The United States is late to the party. The nation’s top leadership is unreliable, and we’re spoiled. We’ve been force-fed a superiority complex for years, meaningless against an unknown, fast moving virus for which we have no immunity. I could stay away from social media and news sources and live in a cloud of denial. Or, I could question the ramifications of the privileged way of life I live.

At the beginning of the pandemic I laughed about the toilet paper rush. The Covid-19 virus attacks lungs, not intestines. Why are people panicking over a lack of toilet paper? But as days go by and the threat of isolation looms long, I’ve started questioning my own dependence on toilet paper. For one thing, I now pay attention to how much I use. Do I really need a handful? Am I that afraid of touching my own bodily waste, created from the food I eat for nourishment?

Then I read an article written by someone outside of the U.S. who said that Americans don’t use toilet paper correctly. He listed the toilet habits of other countries, and their use of water for a thorough rinsing. He even suggested one could use soap and water…with their own hands. You’re washing your hands anyway, he said. Americans walk around with “stinky butts,” he claimed. No amount of scraping with dry toilet paper was going to help with that.

A good friend shared a personal story on social media about her upbringing in the Ozarks of rural Missouri. Her family of thirteen siblings had no inside bathroom or running water. She grew up using an outhouse and drinking water from a stream. Her main point was that she and her family survived that, and we can survive this. An incredulous reader asked what they used for toilet paper? Her answer is just what you’d expect…the siblings all vied for the index pages from the Sears catalog because they were the softest, she explained. Her post was directed at those hoarding supplies. But the overall message is that for the most part, we’re strong, resilient and adaptable.

Another friend emailed a group I’m part of and mentioned she had stocked up on facial tissue which she could use for TP if necessary. Except, I once read an article about the things we should not flush down the toilet, and the most surprising item was facial tissue. It’s made using a stronger weave of fibers that’s not meant to dissolve like toilet paper and clogs up sewer pipes. Who among us has flushed facial tissues down the toilet? I don’t now but I didn’t know any better the previous 60+ years of my life.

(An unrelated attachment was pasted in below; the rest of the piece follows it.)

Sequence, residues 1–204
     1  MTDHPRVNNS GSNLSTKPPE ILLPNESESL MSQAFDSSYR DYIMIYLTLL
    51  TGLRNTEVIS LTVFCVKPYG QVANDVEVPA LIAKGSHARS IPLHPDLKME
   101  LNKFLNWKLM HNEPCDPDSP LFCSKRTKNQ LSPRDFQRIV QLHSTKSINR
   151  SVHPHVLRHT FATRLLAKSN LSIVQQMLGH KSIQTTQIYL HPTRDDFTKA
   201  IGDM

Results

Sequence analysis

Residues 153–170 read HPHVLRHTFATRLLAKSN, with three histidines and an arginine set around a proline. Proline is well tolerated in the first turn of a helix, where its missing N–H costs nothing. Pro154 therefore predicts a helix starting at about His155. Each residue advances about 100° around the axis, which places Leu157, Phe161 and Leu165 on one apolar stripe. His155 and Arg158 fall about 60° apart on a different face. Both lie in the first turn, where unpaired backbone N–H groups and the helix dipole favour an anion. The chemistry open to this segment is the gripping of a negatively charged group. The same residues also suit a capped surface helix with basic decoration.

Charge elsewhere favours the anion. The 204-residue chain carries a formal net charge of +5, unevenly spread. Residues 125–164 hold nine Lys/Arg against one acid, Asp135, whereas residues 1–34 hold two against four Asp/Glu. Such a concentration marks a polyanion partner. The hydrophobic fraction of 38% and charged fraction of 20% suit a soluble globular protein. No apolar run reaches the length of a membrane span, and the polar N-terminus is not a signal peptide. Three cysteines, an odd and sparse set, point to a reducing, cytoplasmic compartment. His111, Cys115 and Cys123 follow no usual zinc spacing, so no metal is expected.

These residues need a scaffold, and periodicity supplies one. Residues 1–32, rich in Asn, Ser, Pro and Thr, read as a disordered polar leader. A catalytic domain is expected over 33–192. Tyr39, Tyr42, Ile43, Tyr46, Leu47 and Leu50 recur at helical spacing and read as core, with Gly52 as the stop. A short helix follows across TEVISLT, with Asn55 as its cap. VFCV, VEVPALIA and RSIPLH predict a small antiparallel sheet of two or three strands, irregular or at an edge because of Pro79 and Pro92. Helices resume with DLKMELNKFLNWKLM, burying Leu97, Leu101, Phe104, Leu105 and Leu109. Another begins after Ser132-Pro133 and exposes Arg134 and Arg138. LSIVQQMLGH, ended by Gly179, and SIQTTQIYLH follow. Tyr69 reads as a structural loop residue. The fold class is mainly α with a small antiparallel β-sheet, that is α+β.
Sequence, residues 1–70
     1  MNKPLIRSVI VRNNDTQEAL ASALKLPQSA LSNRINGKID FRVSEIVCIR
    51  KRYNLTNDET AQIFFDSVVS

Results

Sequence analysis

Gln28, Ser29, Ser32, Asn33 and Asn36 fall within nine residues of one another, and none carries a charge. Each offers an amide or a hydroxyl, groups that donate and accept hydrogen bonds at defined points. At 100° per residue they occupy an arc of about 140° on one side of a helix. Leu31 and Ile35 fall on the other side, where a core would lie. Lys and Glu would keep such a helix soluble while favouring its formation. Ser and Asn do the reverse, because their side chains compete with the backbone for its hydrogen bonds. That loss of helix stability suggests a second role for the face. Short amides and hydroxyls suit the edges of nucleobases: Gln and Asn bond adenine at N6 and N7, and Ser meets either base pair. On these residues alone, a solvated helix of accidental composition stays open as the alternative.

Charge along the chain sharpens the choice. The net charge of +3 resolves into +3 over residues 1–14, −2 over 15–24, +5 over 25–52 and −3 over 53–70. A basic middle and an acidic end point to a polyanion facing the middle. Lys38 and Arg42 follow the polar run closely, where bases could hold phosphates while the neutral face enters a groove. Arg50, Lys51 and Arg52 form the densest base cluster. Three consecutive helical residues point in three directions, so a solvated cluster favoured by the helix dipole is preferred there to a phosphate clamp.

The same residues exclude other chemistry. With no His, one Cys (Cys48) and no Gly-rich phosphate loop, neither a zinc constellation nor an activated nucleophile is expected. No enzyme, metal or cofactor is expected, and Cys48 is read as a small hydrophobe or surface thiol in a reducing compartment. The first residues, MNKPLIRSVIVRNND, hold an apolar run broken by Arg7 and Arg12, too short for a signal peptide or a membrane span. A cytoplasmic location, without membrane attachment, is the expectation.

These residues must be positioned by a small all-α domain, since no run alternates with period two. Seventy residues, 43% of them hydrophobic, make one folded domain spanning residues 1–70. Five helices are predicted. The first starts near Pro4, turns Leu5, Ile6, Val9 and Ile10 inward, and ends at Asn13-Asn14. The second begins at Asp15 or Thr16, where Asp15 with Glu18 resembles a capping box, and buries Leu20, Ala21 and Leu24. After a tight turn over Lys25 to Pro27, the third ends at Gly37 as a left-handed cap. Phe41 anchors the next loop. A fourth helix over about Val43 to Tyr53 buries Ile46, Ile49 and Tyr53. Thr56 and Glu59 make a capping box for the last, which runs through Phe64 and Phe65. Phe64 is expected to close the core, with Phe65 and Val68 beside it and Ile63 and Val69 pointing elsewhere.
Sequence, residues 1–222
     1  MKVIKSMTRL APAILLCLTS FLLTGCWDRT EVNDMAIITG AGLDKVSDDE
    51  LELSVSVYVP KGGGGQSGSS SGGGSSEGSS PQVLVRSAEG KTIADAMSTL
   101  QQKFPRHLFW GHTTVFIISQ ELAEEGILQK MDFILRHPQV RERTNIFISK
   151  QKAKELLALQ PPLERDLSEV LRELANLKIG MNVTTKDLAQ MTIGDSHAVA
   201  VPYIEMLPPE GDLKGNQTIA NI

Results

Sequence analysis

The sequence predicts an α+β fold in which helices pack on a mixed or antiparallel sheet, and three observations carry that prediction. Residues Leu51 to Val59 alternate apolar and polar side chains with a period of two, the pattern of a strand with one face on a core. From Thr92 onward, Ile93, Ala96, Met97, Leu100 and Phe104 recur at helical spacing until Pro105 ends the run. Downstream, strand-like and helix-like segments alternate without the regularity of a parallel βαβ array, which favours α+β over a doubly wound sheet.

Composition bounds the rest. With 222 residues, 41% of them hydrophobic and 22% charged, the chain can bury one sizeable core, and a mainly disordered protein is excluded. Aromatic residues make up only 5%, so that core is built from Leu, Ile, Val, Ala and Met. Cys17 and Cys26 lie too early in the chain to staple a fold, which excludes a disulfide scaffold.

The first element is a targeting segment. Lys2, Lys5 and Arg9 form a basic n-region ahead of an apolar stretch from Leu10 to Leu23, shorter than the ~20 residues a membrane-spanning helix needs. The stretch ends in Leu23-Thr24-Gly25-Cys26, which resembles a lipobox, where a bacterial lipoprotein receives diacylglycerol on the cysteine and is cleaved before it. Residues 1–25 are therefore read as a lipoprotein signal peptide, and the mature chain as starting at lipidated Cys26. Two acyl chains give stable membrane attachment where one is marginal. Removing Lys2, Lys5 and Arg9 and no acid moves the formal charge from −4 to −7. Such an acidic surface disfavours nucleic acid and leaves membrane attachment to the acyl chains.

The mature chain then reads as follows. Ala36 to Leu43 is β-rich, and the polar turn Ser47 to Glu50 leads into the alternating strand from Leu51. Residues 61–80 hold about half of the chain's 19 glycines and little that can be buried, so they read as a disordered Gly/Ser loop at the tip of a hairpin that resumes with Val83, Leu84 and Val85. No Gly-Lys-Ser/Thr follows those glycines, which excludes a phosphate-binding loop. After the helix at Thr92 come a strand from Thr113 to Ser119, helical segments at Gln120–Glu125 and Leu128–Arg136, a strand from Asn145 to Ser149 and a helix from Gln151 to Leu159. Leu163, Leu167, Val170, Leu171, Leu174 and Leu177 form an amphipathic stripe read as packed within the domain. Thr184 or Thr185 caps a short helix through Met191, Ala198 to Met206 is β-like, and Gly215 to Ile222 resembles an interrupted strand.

When I heard that schools were closing for the rest of the semester, my thoughts went to a friend, a retired teacher, who lives 70 miles outside of Kansas City. She is also a minister, and volunteers at the local food pantry serving meals and interacting with the people who utilize this service. She once told me that that over 70% of school children in that community rely on subsidized food. There are many, many issues more important than toilet paper, which is way down the list of things we can live without. As we spend more time in social isolation, watching the number of deaths rise and the financial world break down, our priorities will surely change.

In the meantime, stay home and stay safe. Wash your hands thoroughly and often. Create home projects, read books, write your memoir, make phone calls to friends and family. Ration your use of toilet paper — and everything else — while we figure this out. Peace.



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